The Beef Checkoff Program returned about $5.55 in value to beef producers for every dollar they invested into it between 2003 and 2008. That's the overall conclusion of a new economic study completed by Dr. Ron Ward, professor emeritus for the Food and Resource Economics Department of the University of Florida.

“Is the beef checkoff a demand driver? This was the most fundamental question of the entire study, and the answer is an overwhelming ‘yes,' the generic promotion of beef has shifted beef demand,” Ward noted in his research conclusions. “The marginal rate-of-return is large enough to provide overwhelming evidence that the programs are achieving positive impacts (on) the U.S. demand for beef,” he said.

“The Beef Checkoff Programs and Their Impact on U.S. Beef Demand” evaluates the effectiveness of checkoff-funded programs in reaching their overarching goal of growing beef demand. To complete this, Ward employs statistical models that measure the effects of major beef demand drivers overall, then specifically, of the Beef Checkoff Program itself as a demand driver. It is a comprehensive study that is peer-reviewed by respected economists versed in commodity promotions and the beef industry, and is a follow-up to similar beef checkoff evaluations conducted regularly since 1989.

Ward presented the study results to the checkoff's Joint Industry Evaluation Advisory Committee today at the 2009 Cattle Industry Summer Conference in Denver.

“We evaluate individual checkoff programs every year to make sure that we continue only with those programs that provide the biggest bang for our checkoff buck,” said Joint Evaluation Advisory Committee Chairman Dave Bateman, a producer from Illinois and immediate past chairman of the Cattlemen's Beef Board. “But we have to dig a little deeper every few years to make sure that our overall checkoff strategy – combining all of our programs in promotion, research and information – are working together for the benefit of everyone who pays into the checkoff.”

Ward said that determining the effectiveness of recent beef checkoff programs objectively required identifying all factors that impact the demand for beef – things like household demographics, market penetration, amount of beef consumed per household and beef promotions, to name a few.

“This study is a pretty high-level economic review, with some complex econometric modeling throughout, so we don't pretend to have the expertise as cattlemen on the Evaluation Committee to make sure it's sound science on our own,” Bateman said. “That's why it goes through a peer review, and Ward's final version got the thumbs up for research accountability from those in the know – specifically Dr. Oral Capps and Dr. Chuck Lambert.”

The report on Ward's research addresses beef consumption patterns, estimation of the impact of the checkoff on market penetration or the probability of consuming beef within a defined period, and the impact on the level of consumption among beef consumers. The end product is the determination of the rate-of-return from beef producers' and importers' national checkoff investments.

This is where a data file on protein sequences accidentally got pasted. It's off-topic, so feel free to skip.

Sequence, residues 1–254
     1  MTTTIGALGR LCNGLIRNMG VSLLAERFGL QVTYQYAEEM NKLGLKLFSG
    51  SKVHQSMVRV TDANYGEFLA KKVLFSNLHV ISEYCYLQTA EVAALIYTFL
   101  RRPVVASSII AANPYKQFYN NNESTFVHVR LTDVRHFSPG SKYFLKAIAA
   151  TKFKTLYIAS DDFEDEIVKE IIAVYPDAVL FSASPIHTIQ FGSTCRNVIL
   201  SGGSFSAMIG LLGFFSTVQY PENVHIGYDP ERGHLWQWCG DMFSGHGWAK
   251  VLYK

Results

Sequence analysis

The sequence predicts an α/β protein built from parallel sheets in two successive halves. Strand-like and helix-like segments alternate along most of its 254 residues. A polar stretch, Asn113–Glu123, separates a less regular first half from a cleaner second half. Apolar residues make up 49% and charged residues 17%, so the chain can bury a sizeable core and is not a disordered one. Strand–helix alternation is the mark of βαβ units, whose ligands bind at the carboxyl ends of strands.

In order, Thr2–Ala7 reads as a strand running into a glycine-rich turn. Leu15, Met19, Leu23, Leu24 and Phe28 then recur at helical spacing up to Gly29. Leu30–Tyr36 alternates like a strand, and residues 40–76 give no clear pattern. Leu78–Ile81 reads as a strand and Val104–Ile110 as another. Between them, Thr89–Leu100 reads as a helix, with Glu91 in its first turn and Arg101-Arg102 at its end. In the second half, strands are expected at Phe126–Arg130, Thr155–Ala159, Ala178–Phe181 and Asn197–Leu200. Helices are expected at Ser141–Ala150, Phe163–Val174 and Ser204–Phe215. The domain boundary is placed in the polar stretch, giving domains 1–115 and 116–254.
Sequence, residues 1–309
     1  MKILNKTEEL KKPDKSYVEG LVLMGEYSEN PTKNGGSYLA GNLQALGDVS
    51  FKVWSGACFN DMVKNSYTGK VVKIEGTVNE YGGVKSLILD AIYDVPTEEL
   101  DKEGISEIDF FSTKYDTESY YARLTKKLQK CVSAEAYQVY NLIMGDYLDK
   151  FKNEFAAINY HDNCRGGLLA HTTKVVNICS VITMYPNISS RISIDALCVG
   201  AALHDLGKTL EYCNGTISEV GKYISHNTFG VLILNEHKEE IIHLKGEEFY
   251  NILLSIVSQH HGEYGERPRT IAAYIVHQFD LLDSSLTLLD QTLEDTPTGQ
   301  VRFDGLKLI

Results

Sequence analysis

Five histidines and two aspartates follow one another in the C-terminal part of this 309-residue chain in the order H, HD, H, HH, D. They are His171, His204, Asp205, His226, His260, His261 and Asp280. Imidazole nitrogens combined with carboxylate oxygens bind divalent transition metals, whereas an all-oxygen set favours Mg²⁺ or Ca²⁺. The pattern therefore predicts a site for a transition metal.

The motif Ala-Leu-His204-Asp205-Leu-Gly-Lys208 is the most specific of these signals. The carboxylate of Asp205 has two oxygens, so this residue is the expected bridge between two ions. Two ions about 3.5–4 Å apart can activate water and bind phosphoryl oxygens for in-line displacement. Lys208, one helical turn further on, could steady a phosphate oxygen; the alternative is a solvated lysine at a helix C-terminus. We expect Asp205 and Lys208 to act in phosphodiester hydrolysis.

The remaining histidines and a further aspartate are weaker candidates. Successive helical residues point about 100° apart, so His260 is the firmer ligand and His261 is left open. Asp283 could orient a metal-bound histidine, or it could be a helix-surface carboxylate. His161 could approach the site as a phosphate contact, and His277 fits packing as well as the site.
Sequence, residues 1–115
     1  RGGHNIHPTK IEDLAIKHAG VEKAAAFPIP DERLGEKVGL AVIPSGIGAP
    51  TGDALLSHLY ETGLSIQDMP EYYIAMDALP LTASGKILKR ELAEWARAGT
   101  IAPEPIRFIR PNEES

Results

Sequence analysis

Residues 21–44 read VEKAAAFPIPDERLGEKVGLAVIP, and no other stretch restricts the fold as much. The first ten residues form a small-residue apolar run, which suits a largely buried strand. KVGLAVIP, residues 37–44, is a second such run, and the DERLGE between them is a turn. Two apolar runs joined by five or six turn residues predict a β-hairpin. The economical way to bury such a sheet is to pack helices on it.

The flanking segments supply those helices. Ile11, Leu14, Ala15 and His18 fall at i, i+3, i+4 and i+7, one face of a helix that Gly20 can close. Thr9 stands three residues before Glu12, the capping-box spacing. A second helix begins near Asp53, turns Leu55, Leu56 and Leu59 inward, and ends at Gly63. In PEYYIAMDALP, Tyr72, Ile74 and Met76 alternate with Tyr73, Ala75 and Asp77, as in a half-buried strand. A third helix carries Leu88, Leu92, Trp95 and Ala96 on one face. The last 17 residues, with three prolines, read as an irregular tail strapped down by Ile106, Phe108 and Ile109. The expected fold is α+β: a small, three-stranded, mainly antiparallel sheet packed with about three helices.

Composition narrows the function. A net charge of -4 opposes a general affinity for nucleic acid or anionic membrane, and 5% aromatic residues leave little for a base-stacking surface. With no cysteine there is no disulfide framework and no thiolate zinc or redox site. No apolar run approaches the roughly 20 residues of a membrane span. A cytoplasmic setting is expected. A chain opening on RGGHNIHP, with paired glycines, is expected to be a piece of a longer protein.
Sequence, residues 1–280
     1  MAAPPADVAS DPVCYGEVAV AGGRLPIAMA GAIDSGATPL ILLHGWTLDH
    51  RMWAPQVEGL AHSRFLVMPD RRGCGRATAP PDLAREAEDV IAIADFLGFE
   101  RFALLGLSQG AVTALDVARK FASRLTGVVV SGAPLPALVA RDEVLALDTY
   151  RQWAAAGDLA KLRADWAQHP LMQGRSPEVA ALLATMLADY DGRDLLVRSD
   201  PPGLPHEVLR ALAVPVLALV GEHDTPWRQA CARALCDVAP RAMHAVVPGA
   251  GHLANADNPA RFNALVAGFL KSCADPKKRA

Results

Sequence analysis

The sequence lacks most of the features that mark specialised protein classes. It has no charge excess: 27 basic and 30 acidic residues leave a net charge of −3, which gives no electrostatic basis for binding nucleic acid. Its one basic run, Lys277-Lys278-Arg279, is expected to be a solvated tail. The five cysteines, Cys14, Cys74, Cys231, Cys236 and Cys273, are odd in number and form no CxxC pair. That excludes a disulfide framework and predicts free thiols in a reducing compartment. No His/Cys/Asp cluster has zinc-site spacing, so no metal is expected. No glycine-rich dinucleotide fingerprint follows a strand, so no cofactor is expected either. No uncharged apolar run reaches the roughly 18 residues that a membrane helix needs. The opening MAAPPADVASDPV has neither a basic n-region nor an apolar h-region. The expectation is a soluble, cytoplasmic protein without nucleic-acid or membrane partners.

Along those lines, report findings include:

• The percentage of U.S. households that purchased beef in a given two-week shopping period – at 78.8 percent – would have been about three percentage points lower between 2003 and 2008, if not for the beef checkoff programs in place then, the study concluded.

• During the period, it became increasingly difficult to attract households to the beef market, so more of the checkoff gains arose from increased servings rather than the percentage of them buying beef. Accordingly, the two-week shopping analysis found an average of 3.42 servings of beef consumed per household member and concluded that each of those households would have purchased about 0.11 fewer servings per two-week period if not for the beef checkoff programs.

• Expressing shifts in demand back to the live-weight level, Ward estimates the marginal rates-of-return to the checkoff program between 2003 and 2008 to be 5.55 for the average checkoff expenditure level.

“These marginal gains are substantially above one,” Ward noted, “thus pointing to a program that is quantitatively effective in influencing the U.S. demand for beef.”

Bateman said the positive return-on-investment is great news for cattlemen and importers who pay for the checkoff programs, though he fears some might be hesitant to believe the results, given current market conditions.

“For those producers paying into the checkoff, it's important to put these findings into the context of their operations – especially at a time when so many are losing money,” he said. “It might be difficult for producers to quantify a gain from the checkoff when they're not seeing any gains in their own operations.

“The answer to that goes back to the very basic tenet of the checkoff,” Bateman continued. “The checkoff can't singlehandedly turn around a bad market, but we have to stop and imagine if our checkoff dollars are returning $5.55 for every dollar we invest, just where we might be without the checkoff programs we have in place. That could quickly get pretty devastating, I would think. This study is telling us that because of our checkoff programs – even when times are bad for our industry – we are significantly better off than we would be without those programs.”

NOTE: The full “Ward Report” is available for review at


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